There are very few agencies today who aren’t trying to solve the content challenge. The content creation process is complicated and it’s often difficult to demonstrate the ROI to clients so they will pay you what it takes to actually create something worthwhile. Clients want high performing content but aren’t excited about paying for it. And it can be tough for us to document and demonstrate what’s working and what isn’t.
At this summer’s MAICON (Marketing AI conference) conference, I met Jeff Coyle, the co-Founder and Chief Product Officer for MarketMuse. Jeff and his team are doing incredible work with AI to help agencies and brands better understand how content is performing, what content is missing and how to fill those gaps in a way that is SEO and visitor friendly.
Technology and traditional content production methods are merging, and that’s creating a whole new level of measurability, predictability and performance metrics that can justify the spend. What would take us hours to number crunch and calculate can take tools like MarketMuse mere seconds.
Join me as I explore the possibilities with subject matter expert Jeff Coyle.
A big thank you to our podcast’s presenting sponsor, White Label IQ. They’re an amazing resource for agencies who want to outsource their design, dev or PPC work at wholesale prices. Check out their special offer (10 free hours!) for podcast listeners here: https://www.whitelabeliq.com/ami/
What You Will Learn in this Episode:
- The evolution of content marketing
- How Jeff Coyle is bringing AI and traditional content production methods together
- New tools and insights that agency owners can leverage to create more impactful content
- Creating content that has direct conversions
- Why you should be updating your content
The Golden Nugget:“For my agency and my clients, what should I be focusing on to ensure that the content I publish has the greatest impact?” @jeffrey_coyle Click To Tweet “The biggest miss for most agencies is the idea that all boats rise when you have successful content, regardless of direct conversion.” @jeffrey_coyle Click To Tweet “There are repeatable content paths that can work in every industry, but they might not lead to conversions.” @jeffrey_coyle Click To Tweet “Validation of the content brief and the end-content item will lead to a more successful and thoughtful workflow.” @jeffrey_coyle Click To Tweet “The four main reasons to update your content are: it is out-of-date; inaccurate; the world has changed, or the concept has changed.” @jeffrey_coyle Click To Tweet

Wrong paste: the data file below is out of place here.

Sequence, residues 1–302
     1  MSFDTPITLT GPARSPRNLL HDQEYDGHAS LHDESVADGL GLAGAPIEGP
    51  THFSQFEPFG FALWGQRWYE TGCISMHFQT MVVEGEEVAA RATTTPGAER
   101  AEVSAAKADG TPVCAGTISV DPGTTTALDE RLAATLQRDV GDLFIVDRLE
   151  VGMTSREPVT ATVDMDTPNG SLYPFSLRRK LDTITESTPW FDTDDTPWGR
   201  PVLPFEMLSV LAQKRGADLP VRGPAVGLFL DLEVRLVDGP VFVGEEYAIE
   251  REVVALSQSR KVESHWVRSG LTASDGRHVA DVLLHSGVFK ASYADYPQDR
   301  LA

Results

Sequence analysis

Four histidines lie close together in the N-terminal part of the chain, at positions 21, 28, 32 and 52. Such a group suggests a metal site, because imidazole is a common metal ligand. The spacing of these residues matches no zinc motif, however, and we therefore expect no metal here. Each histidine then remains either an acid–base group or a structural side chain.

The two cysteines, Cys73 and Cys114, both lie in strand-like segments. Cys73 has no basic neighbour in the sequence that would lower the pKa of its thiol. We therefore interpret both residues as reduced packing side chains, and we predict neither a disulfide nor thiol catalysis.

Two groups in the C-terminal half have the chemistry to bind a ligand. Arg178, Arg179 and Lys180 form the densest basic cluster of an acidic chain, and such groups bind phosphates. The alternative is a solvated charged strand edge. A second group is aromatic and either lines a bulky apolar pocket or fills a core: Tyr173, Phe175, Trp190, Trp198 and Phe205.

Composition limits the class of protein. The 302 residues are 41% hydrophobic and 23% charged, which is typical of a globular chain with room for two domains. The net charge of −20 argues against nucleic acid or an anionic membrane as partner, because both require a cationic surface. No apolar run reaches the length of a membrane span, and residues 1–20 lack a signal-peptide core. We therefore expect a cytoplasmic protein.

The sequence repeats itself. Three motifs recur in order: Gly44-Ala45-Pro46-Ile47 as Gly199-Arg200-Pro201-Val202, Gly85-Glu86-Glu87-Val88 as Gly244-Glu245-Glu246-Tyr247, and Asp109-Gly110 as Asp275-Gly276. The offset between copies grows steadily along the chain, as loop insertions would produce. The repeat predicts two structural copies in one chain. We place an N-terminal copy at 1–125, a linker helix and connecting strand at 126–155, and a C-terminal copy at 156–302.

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Ways to Contact Jeff Coyle:
Welcome to the Agency Management Institute Community, where you’ll learn how to grow and scale your business, attract and retain the best talent, make more money, and keep more of what you make. The Build A Better Agency podcast, presented by White Label IQ, is packed with insights on how small to mid-sized agencies survive and thrive in today’s market. Bringing his 25-plus years of experience as both an agency owner and agency consultant, please welcome your host, Drew McLellan.
Hey, everybody. Welcome back to another episode of Build A Better Agency. I am Drew McLellan from Agency Management Institute, and I am delighted to be your host on this podcast every single week. I love doing this show. I love talking to all these people and picking their brains on your behalf. It is such a fun for me. I learn something new every time I have a conversation. And it’s always exciting to be able to share it with you. So thanks for being with me and getting ready to buckle in and learn something new and think about something a little differently.
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All right, so let’s talk about this episode. So content is, for most agencies, a big part of how we deliver value for clients. And the reality is, while we’ve been doing content for eons, we haven’t always called it content, but we certainly have been producing content for a long time in our agencies, the sophistication level of what we have to do for clients in terms of knowing what content to produce, looking at the analytics and the data around that content, just gets more and more complicated.
The good news is there are tools out there, and there are new insights out there, that allow us to be better at guiding our client’s content to do whatever it is we want them to do, whether it’s bring somebody in at the top of the sales funnel, or if it is to try and get someone to convert to a sale or a trial. I don’t know if you can hear it or not, but if you hear a crunching noise, sorry, I’m right by my mic. Unfortunately, I’m feeding my puppy a puppy biscuit to keep her quiet. So if you hear a little crunching, I apologize. It is not me eating while we’re talking. It is Heather having a bit of a nosh.